The Syrian government is defying international criticism of its crackdown on a popular uprising, relying on its armed forces to suppress political dissent. Unlike its counterparts during similar unrest in Egypt and Tunisia, Syria's military has given few signs of breaking with the ruling elite.
Security forces that moved into yet more Syrian towns this week have shown little hesitation in opening fire on civilian areas. President Bashar al-Assad says the troops are acting out of national duty to counter what he calls outlaws, an interpretation of events rejected even by his allies.
Despite the ferocity with which the operations are being carried out, opposition to the crackdown is likely among at least some of the military's rank and file. Most foot soldiers are from Syria's Sunni majority, long-dominated by the Assad family's Alawite minority.
They are also closer in social and economic terms to the victims of the crackdown than they are to the nation's rulers, with some coming from the very neighborhoods they must now attack. Their officers, however, are disproportionately Alawite.
Mourners carry the body of a person during a funeral ceremony in the city of Homs, Syria, in this image made from amateur video released by Ugarit News, August 2, 2011
And according to human rights groups, commanders are willing to use brutal measures to ensure orders are carried out. Witnesses say soldiers who have refused to open fire on civilians have themselves been shot and killed.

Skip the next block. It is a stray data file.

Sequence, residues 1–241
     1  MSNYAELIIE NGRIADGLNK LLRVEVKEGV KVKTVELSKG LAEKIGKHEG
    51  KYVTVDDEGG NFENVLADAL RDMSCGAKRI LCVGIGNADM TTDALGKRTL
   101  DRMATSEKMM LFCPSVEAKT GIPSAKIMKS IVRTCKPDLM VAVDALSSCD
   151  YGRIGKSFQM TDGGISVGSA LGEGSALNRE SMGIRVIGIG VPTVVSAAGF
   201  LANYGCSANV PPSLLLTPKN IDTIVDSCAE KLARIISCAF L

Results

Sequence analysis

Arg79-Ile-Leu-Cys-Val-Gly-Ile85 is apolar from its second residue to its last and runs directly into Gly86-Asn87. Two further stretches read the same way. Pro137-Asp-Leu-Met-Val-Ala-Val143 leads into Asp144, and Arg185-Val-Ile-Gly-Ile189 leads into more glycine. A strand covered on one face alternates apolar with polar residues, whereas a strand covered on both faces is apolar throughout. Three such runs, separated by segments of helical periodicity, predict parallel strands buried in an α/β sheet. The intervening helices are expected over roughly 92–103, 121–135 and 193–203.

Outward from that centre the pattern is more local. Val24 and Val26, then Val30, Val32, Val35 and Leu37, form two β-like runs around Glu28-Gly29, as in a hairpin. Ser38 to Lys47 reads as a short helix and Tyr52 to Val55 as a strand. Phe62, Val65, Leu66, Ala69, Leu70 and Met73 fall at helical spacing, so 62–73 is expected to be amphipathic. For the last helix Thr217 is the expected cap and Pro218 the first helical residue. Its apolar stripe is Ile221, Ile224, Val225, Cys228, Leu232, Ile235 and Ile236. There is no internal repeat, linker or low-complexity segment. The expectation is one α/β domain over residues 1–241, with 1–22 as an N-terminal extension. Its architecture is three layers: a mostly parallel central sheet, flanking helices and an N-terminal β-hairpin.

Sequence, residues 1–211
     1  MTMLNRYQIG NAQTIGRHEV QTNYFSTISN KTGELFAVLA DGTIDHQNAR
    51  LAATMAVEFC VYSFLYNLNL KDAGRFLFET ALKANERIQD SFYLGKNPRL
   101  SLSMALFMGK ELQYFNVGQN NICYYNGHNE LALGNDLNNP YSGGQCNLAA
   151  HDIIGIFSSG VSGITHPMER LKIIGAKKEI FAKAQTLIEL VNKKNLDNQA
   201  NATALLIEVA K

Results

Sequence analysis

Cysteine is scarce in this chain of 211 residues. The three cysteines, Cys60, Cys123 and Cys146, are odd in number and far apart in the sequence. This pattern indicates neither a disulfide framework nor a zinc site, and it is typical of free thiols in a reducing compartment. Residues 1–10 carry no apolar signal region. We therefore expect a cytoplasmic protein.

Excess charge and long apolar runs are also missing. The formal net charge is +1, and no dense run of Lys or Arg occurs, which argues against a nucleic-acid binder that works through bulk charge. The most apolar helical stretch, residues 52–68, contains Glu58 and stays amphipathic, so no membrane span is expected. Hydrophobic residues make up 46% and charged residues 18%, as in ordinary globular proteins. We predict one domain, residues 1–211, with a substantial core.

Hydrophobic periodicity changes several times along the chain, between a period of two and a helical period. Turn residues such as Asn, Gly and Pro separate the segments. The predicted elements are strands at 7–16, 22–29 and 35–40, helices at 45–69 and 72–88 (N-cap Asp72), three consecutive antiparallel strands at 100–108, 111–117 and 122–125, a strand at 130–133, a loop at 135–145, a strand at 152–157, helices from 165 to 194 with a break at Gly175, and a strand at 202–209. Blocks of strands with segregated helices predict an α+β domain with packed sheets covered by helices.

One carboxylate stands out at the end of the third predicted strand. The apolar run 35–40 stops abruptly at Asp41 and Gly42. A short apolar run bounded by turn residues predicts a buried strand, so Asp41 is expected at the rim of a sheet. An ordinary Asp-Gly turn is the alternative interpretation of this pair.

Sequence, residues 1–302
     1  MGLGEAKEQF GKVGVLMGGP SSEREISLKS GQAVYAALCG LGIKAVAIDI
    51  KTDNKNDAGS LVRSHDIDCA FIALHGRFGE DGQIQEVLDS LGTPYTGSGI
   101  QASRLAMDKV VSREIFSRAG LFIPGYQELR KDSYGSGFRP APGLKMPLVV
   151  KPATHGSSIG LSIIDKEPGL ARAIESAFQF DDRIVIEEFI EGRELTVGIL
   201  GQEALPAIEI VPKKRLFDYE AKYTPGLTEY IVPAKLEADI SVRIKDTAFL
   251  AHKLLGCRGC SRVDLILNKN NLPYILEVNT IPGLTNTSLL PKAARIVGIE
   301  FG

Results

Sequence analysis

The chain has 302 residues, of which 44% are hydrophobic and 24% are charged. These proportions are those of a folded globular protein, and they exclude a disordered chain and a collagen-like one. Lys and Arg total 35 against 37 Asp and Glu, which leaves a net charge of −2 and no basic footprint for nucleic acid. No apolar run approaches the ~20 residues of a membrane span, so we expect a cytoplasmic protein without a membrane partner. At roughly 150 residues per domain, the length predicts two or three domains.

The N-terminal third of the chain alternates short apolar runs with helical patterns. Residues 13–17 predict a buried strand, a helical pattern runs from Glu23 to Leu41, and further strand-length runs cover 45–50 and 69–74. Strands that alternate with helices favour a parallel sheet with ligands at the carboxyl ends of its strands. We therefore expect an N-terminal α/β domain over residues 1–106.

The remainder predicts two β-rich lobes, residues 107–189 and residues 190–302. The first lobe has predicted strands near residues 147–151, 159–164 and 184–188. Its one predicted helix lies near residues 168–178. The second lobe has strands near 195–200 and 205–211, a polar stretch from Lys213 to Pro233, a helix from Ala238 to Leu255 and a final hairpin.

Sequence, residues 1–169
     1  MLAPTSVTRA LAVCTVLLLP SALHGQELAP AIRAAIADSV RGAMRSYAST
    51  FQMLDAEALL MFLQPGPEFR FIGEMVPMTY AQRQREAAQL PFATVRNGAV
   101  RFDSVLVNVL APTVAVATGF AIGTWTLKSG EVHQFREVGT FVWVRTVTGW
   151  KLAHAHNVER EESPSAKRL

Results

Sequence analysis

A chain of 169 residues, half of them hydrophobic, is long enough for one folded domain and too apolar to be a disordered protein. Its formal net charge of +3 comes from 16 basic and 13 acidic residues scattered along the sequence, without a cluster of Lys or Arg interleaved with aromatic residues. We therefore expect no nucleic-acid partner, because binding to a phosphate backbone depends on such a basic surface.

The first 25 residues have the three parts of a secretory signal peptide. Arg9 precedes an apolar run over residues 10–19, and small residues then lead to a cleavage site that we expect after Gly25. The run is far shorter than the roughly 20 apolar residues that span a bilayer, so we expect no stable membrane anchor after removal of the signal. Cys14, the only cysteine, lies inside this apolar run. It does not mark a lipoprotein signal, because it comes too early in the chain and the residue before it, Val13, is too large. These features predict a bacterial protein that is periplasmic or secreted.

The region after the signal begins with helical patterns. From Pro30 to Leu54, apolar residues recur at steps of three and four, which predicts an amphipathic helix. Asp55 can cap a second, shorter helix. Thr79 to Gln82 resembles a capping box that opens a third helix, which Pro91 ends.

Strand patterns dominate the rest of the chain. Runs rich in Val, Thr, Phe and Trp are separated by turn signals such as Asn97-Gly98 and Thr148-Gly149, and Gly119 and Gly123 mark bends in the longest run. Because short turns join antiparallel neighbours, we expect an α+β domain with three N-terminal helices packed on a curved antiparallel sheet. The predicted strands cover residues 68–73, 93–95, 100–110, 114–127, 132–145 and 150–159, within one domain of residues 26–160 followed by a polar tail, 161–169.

A few have managed to escape.
One of the dozens of deserters who have turned up in Lebanon called on others in the Syrian army to reject the government's commands.
But such well-publicized defections are limited.
"The army in Syria is composed of one million and a half. You cannot talk about 20 cases here and 50 cases there," said Haytham Manna, who is with the Arab Commission for Human Rights.
So far no brigade, let alone a division, has turned against the government. Part of the cohesion can be attributed to the command structure. Key positions in the security apparatus are held by relatives of President Assad, including his brother Maher and brother-in-law Assaf Chawkat.
It is a style of family rule seen in Libya and Yemen, where similar uprisings have also been met with force. Perhaps more importantly, power is divided under a complex system devised by former President Hafez al-Assad, Bashar's father, to decrease the chance of an internal coup.
This has tied security forces far closer to the leadership than, say, in Egypt or Tunisia. In both those nations, the military proved an institution unto itself, and its support of the protest movements was key to the uprisings' success.
Nadim Shehadeh, a political analyst at Chatham House, says if Syria's political and military leaders were to fall, they would likely fall together.
"I think what you will find is a crumbling of the whole structure because the inner circle are people that are very tight together," said Shehadeh. "But they are also afraid of any defections or any internal coup. So, if anyone is suspected of being capable of such a defection, he would be dead already."
But human rights monitor Manna believes its not too late for the military to act independently.
"The most important thing is a position from the military apparatus as a whole," said Manna.
Manna argues that the military might be deterred by the prospect of a civil war.
But as the military operations continue, hopes of avoiding a broader conflict are fading.